In Tokyo, green spaces can be hard to come by. While residential areas are dotted with small lots for children, in denser parts of the city the truly large parks can be counted on one hand.
One need only spend a day or two shopping, sightseeing and riding packed trains to appreciate the importance of parks and wide-open spaces, and as they go, Shinjuku Gyoen National Garden is easily Tokyo’s finest.
Unlike Yoyogi Park, where the focus is on recreation, Shinjuku Gyoen is a sprawling, exquisitely tended space just southeast of JR Shinjuku Station that is actually meant to be viewed.
The gardens are spread over a piece of land about 3.5 km around that once belonged to the descendants of a daimyo, a feudal lord named Naito Kiyonari, who was granted it by the first shogun, Tokugawa Ieyasu, for one of his Edo residences. Naito and his forces had proved loyal at Sekigahara, the battle that ended a long period of civil war and unified Japan in 1600.
The land itself was of strategic importance, as key roads leading to the city passed through it, which is why it was given to a trusted retainer. The Naito clan completed a garden on this spot in 1772.
Following the fall of the shogunate and the Meiji Restoration, Japan underwent an intense period of modernization, including the import of culture and technology from the West. In 1870, some of the old Naito land was appropriated for use in experiments with Western flora.
Here the first investigations into the farming of foreign fruits and vegetables were conducted, and cypress, tulip and cedar trees from abroad were planted. The space became an Imperial Garden, took its present layout in 1906, experienced total destruction during WWII, and was opened again to the public in 1949. The funeral rites of Emperor Hirohito, posthumously named Showa, were performed here after his death in 1989.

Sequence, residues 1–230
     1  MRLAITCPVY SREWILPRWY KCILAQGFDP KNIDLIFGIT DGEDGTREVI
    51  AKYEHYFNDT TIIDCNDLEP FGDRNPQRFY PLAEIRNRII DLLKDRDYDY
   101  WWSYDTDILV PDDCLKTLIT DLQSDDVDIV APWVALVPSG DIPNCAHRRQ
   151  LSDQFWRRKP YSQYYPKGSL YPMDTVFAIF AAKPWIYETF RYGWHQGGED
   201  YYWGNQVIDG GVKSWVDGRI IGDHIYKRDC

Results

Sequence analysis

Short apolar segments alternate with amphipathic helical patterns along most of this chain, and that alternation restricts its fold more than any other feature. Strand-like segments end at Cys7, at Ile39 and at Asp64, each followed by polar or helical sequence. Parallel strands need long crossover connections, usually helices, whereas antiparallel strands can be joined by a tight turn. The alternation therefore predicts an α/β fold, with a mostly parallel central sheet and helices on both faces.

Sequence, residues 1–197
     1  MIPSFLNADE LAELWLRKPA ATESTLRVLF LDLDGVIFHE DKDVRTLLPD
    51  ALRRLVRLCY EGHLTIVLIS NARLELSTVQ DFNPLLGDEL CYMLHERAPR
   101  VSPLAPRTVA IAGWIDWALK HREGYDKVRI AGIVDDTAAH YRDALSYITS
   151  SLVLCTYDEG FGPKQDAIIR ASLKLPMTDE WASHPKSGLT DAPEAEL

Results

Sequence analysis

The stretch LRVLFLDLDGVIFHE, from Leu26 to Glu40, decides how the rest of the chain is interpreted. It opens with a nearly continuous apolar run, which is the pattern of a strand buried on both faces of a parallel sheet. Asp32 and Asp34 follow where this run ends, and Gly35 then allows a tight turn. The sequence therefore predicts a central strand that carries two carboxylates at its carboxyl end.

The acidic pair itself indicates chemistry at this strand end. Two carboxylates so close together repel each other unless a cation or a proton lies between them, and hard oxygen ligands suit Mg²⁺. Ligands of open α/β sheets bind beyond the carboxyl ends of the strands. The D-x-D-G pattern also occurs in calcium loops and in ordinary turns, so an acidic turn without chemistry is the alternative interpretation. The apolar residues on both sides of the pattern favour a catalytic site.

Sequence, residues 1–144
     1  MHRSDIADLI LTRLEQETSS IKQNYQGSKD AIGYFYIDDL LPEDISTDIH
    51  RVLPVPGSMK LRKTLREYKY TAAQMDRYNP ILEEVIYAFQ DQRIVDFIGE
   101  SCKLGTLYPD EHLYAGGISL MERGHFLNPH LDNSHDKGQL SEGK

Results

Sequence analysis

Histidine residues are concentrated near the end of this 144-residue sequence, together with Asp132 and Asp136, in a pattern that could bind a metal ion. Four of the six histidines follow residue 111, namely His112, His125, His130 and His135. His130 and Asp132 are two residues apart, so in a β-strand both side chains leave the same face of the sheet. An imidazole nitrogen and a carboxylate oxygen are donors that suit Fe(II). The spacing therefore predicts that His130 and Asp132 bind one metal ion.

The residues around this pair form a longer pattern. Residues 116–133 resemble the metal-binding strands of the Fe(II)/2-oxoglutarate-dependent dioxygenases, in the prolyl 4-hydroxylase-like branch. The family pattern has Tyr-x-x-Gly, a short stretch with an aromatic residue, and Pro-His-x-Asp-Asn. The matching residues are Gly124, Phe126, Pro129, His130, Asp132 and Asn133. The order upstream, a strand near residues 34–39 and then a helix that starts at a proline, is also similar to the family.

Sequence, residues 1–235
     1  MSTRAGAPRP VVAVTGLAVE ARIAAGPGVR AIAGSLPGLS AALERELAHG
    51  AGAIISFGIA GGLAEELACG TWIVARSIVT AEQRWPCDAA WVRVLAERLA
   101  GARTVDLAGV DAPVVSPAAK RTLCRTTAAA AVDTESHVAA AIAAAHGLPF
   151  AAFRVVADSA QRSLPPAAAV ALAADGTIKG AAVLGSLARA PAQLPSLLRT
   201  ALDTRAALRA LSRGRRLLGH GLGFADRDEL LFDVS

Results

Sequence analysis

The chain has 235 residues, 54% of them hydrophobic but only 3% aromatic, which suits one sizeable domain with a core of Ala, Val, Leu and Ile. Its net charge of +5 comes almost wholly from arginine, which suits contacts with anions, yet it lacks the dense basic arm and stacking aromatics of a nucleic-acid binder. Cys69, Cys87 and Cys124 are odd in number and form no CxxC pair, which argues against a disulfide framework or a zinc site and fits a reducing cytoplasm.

Shinjuku Gyoen today
Shinjuku Gyoen today is a unique blend of three distinct elements: a French formal garden, an English landscape garden, and a traditional Japanese garden. It also has a greenhouse that boasts a wide variety of tropical and sub-tropical species, two tea rooms where visitors can enjoy macha green tea and sweets for a small fee, ponds and bridges, walking paths, and several washroom facilities.
Make no mistake, this space is designed for quiet repose and reflection. Every aspect is manicured and tirelessly cared for, and the result is less the awe inspired by a natural forest and more the calm composure exuded by a bonsai. It’s ideal as a spot to stroll and think, chat with friends, and otherwise take a step back from the city to gain some perspective.
For these reasons, activities ranging from badminton, soccer and frisbee to the use of drones are prohibited, as are animals (those that assist the disabled are excepted), music and alcohol. Anyone looking to enjoy such things is directed to Yoyogi, Inokashira, or any of Tokyo’s other parks.
The gardens are open year round, but the best times to visit are the fall, to see the changing leaves and blooming chrysanthemums, and the spring, when its more than 1,500 cherry trees briefly bloom. The act of viewing cherry blossoms is called hanami, and despite the park’s rule against alcohol, many Japanese flood the gardens during this time, have small picnics, enjoy alcohol covertly, and make sure not to leave trash of any kind behind. Those seeking livelier festivities are again directed to other parks.
Hours: 09:00 – 16:00 (gates close at 16:30)
Closed: Mondays, but open continuously from March 25 to April 24 and from November 1 to 15.
Fees: Adults ¥200, children ¥50, people with disabilities and their caregivers free of charge.
Access: Shinjuku Gyoen has three entrances:
Shinjuku Gate – Walk from JR Shinjuku (New South Exit), Seibu shinjuku, Shinjuku gyoen mae (Exit 1) and Shinjuku san chome (Exits C1 & C5) stations.
Sendagaya Gate – Walk from Sendagaya or Kokuritsu kyougijyou mae (Exit A5) stations.
Okido Gate – Walk from Exit 2 of Shinjuku gyoen mae Station.
For more information, visit the official website.